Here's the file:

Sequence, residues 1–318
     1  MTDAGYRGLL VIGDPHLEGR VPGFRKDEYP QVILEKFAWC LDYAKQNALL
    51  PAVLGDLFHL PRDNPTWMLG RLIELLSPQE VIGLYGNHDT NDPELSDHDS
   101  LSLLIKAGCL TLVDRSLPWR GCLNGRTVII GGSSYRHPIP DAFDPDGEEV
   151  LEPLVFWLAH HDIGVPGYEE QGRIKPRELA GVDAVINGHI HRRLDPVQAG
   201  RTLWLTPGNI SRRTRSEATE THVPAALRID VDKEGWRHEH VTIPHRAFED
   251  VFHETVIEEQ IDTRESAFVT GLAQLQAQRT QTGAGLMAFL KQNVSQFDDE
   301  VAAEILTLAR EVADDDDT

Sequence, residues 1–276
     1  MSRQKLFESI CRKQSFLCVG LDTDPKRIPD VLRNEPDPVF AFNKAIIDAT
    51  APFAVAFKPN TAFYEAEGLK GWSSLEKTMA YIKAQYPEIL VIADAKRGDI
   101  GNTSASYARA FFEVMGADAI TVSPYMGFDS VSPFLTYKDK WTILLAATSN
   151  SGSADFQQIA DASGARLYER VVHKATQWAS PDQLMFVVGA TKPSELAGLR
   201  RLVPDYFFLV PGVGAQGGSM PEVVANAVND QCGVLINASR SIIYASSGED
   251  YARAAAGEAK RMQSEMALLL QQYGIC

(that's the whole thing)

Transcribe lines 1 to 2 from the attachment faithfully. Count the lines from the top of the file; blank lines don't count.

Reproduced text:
Sequence, residues 1–318
     1  MTDAGYRGLL VIGDPHLEGR VPGFRKDEYP QVILEKFAWC LDYAKQNALL